Tagged with: athletes disability family
I was on the softball field with my family taking batting practice. My sister was up to bat, my father was pitching and my Mom and I were out in the field shagging balls. I told my Mom I was having some pain in my right eye and when I closed my left eye I really couldn’t see Dad pitching. We finished up practice and headed home. I rinsed out my eye thinking maybe I got dirt under my contact or something. After removing my contact and flushing my eye there was no change. My parents got me into my optometrist that day then quickly sent me up to the Air Force Academy emergency room as whatever was going on was beyond them.
This would be the first day of a different journey and path I would take the rest of my life. I had plans on getting that college scholarship in my main sport of basketball, playing for Pat Summit and maybe a few years over in Europe as the WNBA didn’t exist at that time. Then follow my father and my grandfathers before him into the military life. Again that day everything changed even though at that point I didn’t know how much it would change.
The next couple of months I saw specialist after specialist and they weren’t sure what was causing the issue either but then the same thing happened in my left eye. Now they decided to send me out of state to Washington University in St. Louis, this is where for the first time a Dr. told myself and my parents that the vision loss I had would not be returning. I had nerve damage due to inflammation and those weren’t going to grow back. I was left with shadows out of my right peripheral vision and about 20/1600 out of my left peripheral vision. No central vision at all.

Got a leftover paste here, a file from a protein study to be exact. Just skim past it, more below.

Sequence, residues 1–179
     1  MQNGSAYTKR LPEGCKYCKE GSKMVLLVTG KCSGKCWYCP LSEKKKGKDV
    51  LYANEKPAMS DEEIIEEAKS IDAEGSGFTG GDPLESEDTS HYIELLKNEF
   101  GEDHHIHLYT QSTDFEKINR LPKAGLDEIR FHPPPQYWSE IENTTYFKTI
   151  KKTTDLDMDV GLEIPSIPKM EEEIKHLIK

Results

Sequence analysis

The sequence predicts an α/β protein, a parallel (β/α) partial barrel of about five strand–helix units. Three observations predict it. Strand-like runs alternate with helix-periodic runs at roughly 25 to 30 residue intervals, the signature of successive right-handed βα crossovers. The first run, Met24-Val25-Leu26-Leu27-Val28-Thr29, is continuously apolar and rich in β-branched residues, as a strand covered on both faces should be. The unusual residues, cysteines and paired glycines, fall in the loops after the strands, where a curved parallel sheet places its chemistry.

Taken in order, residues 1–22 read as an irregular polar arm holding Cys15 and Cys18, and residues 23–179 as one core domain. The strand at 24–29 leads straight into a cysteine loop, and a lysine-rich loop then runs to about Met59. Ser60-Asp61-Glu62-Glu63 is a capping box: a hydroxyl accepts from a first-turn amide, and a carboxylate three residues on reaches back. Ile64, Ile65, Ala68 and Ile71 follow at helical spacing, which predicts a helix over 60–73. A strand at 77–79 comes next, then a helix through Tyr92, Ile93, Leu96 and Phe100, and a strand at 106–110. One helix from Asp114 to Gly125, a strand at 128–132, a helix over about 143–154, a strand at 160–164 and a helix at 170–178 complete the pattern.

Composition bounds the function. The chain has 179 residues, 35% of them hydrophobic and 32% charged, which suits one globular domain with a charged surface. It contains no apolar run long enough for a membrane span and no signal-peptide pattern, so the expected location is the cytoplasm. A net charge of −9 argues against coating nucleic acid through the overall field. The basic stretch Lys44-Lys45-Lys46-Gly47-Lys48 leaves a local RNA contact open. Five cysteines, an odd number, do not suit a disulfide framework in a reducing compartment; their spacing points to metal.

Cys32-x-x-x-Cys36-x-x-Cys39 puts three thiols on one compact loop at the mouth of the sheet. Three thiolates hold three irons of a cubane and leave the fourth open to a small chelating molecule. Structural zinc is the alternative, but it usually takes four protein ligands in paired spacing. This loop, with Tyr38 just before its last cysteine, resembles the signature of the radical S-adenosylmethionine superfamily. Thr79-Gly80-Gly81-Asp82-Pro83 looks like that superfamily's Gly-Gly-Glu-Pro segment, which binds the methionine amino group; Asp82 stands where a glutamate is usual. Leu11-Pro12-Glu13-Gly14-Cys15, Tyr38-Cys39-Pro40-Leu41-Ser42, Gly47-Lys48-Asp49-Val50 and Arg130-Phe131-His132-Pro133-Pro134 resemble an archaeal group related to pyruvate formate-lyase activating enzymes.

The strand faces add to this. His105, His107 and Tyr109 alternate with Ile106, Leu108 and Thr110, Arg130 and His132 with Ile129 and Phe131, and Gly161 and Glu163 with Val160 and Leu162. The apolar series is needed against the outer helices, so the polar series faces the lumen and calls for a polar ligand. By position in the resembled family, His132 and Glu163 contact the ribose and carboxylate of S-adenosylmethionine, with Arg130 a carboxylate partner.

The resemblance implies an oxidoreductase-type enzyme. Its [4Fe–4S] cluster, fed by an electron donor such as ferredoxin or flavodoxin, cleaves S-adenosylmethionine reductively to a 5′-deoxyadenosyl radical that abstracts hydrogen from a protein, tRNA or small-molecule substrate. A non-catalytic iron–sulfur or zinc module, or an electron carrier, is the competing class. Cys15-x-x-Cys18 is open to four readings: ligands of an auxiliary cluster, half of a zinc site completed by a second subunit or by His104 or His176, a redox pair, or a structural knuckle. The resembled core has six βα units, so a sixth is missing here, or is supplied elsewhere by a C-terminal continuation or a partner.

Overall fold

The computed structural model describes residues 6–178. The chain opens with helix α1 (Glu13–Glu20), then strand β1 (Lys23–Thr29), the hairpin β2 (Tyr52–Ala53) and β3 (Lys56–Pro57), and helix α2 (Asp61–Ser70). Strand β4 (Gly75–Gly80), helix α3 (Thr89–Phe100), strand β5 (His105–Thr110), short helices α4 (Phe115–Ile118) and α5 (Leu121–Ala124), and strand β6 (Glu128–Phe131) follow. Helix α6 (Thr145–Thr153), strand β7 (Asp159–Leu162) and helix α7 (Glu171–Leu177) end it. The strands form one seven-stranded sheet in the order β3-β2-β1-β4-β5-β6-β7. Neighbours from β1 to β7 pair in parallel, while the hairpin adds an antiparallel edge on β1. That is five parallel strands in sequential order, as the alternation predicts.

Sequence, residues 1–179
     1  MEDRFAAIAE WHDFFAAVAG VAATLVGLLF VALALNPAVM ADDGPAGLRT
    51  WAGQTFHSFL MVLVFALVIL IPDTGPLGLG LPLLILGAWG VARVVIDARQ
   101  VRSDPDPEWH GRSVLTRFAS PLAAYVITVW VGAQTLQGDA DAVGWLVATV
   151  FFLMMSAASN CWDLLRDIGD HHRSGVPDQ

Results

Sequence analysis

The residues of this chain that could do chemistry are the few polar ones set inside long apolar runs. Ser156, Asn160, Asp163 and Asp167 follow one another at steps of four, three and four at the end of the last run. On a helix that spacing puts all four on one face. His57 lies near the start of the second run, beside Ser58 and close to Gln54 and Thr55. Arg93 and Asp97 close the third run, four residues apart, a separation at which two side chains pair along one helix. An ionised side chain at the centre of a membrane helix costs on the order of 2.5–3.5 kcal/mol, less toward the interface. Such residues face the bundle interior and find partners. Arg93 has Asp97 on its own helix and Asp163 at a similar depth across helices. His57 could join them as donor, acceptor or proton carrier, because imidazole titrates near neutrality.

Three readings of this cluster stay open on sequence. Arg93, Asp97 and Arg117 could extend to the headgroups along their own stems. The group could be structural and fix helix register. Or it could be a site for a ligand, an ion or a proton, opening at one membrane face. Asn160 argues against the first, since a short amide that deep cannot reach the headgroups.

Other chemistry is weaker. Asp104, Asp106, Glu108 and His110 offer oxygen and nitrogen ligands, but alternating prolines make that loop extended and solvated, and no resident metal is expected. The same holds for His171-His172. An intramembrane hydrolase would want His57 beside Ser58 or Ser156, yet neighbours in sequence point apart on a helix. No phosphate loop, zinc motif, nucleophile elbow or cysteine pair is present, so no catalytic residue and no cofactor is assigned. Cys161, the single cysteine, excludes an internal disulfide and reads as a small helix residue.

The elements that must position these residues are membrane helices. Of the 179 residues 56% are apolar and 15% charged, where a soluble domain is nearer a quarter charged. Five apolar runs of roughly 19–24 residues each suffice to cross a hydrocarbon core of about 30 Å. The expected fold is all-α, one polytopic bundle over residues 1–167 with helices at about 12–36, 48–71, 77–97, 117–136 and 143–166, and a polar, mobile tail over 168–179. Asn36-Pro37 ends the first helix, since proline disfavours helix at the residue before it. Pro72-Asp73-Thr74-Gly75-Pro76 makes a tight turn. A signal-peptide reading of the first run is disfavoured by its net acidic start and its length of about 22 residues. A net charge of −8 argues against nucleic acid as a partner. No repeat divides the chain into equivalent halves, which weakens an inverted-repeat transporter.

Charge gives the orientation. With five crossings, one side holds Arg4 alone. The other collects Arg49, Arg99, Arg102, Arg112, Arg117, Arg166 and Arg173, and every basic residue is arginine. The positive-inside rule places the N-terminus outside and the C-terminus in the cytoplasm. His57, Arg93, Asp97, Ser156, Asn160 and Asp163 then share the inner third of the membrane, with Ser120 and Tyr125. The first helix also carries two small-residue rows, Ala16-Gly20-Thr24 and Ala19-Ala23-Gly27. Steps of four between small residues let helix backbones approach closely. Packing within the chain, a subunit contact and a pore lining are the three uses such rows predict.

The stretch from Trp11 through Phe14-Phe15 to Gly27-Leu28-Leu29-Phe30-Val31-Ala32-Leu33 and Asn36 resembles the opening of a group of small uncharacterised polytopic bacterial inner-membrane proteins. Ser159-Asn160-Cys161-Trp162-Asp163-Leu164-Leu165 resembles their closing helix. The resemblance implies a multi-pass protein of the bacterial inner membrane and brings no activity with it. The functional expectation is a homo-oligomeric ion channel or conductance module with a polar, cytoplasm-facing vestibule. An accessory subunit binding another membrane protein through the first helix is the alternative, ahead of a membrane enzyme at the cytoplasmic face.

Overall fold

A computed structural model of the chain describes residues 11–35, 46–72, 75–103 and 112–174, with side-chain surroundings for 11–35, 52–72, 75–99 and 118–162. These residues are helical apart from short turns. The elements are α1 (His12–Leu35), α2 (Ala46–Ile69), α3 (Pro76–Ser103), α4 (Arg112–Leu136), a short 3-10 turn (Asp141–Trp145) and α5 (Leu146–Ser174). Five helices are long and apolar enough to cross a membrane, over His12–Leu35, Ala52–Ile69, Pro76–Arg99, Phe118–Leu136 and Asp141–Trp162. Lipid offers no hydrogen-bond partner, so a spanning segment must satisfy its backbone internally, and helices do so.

Sports and recreation was something my family had always done together, it was what made me successful in school, if I didn’t keep my grades up to my parents standards which were much more strict than the schools then I didn’t play. My coaches knew how much I loved the game of basketball, volleyball or whatever. I just loved to play.
I was lucky, my basketball coach was my volleyball coach and she never looked back, we worked out what I could or couldn’t do successfully and help the team. Volleyball was the first sport and we found my serving was not affected at all it was all about timing. I couldn’t follow the ball though afterwards so my teammates after I was subbed in to serve would cover the floor with 5. If I did my job and aced the serve no problem. Then basketball came around my true love and again my college dream.
If it weren’t for my parents knowing how much I loved basketball, my coach and my teammates willing to change their approach a little and my willingness to accept my teammates would forget to bounce pass and I would get Wilson upside the head then basketball would have ended before it started.
Instead I was able to play basketball for three more years before going totally blind.
However one of the bigger life changing moments happened when a local paper ran an article on this young teen that was legally blind still playing competitive basketball. My family would receive a phone call that would change not only my life and my path and journey but my families.